come back to California. METRONOME: How long have you been back in Cali? Eight years. METRONOME: Did you feel when you went back that you had never left? I didn’t even look back. There’s something about California that I’ve never found anywhere else. METRONOME: Let’s talk about your new EP, Reimagined. Did the Covid event lead you to revisiting some of your older material? No, this started before the pandemic hit. I’ve put out six CDs on Mesa Bluemoon Recordings and George [Nauful] just wanted to go back and mess with some tracks. We have another one almost ready to roll. It was like time travel. We pulled up the tracks and listened to them in the studio and it was like time travel. You were right back where you were when you first did it. It was wonderful. It was a lot of fun. METRONOME: I loved the opening track, “Easy For You.” You also made a video for the song. How did that song come together for you? When a couple splits up, usually one person has a much easier time of it and that’s just how it is. I remember a girlfriend saying to me, “He told me he didn’t want children.” That’s why they split up. Within a short amount of time, the new woman he was with was pregnant. Of course you say,
Well, he just didn’t want to have them with you, which is a painful thing. It just came out of that. Of course it was more fun to write it not being the person having the harder time. METRONOME: What inspired the song, “Diamond and Glass?” I had a dream. You know when you wake up and you’ve just had a dream and you’re not quite sure where you are, cause you’re still in the dream? That was written straight out of a dream. METRONOME: Did the writing of that song come quickly for you? Yeah, I got the bones of it very quickly. METRONOME: How does the songwriting process work for you? I do it all different ways. Sometimes I write words first and sometimes I start playing something on the guitar and just like how it sounds. I do it all kinds of ways. Generally though, I’ll get a chorus first, then I write a verse to it. METRONOME: Do you ever work things out on a piano? Oh yeah. Sometimes you write off of a riff. One of my best songs, “Woman I Used To Be” came from a guitar riff. METRONOME: I loved your song, “To Be A Fool.” What inspired that tune? It’s about betrayal and what people go through. You see so much of it. I saw a friend go through that. That’s where that line came out of, “I love you too much for you to ask me to be a fool.” It makes sense to me. I can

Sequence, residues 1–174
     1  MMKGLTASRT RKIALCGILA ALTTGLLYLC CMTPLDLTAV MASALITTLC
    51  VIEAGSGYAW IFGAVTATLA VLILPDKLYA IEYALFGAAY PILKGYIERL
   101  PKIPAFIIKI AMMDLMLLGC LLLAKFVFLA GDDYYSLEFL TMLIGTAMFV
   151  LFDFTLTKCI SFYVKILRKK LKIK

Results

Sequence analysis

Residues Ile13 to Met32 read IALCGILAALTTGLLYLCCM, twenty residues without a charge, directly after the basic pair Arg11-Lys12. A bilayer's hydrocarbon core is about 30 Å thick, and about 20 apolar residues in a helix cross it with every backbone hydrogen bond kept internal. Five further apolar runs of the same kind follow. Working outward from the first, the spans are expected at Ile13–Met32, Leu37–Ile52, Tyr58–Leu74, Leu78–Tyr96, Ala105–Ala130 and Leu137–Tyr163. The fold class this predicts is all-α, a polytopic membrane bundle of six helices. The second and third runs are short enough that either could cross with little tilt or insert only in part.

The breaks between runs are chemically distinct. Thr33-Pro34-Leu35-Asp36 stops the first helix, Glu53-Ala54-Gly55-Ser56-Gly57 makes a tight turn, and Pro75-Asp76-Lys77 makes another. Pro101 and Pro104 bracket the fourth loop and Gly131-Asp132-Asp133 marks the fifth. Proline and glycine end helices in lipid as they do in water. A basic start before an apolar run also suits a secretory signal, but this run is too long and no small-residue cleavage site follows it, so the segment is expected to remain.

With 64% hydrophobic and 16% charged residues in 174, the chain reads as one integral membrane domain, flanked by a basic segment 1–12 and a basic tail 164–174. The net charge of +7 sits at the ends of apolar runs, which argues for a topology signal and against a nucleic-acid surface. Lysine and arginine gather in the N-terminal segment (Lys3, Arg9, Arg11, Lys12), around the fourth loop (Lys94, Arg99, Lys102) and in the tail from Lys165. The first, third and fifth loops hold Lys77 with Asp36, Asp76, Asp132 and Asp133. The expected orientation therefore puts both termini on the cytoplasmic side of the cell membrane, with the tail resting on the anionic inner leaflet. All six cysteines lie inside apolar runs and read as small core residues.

forgive a lot, but I cannot forgive that. Once you do that, it’s over with anyway. I had an older friend tell me once, “I’ve seen people break up because someone was unfaithful,” and she said, “Neither one are ever happy again.” METRONOME: Your song “Rainy Day” has a Latin feel to it. How did that song come to life? I like that music. That’s a more recent tune. We had moved to California and it hadn’t rained in 4 years. We had moved to paradise, but it didn’t really rain. That’s what it came out of. METRONOME: Are the fires in California effecting you? We have bad air quality from them, but they’re not close enough. In one week, California had the worse air quality in the world. METRONOME: “Corazon Frio” is a wonderful tune. What made you write that? I had a line in my head, “Freezing water surrounds a frozen well.” I had that in my had for a long time. I think it built out from that. I took Spanish in high school and college. I was fluid at one point, but I haven’t used it enough. I have a song called Mal Amor... “Bad Love” on a recent CD. Spanish is such a beautiful language. METRONOME: I heard Patsy Cline and Reba McEntire in your voice. Do you
appreciate what those gals have done in country music? Oh yeah. I can’t say I listen to a lot of Reba, but I listen to Patsy Cline. I don’t consider myself a country artist though. I would say Americana, although I like saying Adult Contemporary which is different. “You and Me” off my new EP is pretty much a jazz tune. Now don’t get me wrong, I like country music. I’ve got some songs that are stone country and I record them that way, but I don’t consider myself a country artist. METRONOME: You deliver your songs in a very personal way. Do you work on that intentionally or does it just come out that way? It’s the way it comes out. I wouldn’t know how to work on that. I wouldn’t know any other way to be. I try to be a better singer obviously, but I just do what I do. METRONOME: Do you have another EP in the works of ‘reimagined” songs? Yes. We almost have the thing mixed. It will probably be six songs. METRONOME: Do you have a working title for it? I don’t know. I have some new things that I want to cut, but I’m not eager to get back in to the studio. I’m just not ready to get in people’s faces yet. If that makes me a scaredy cat then put my name down on that list (laughs).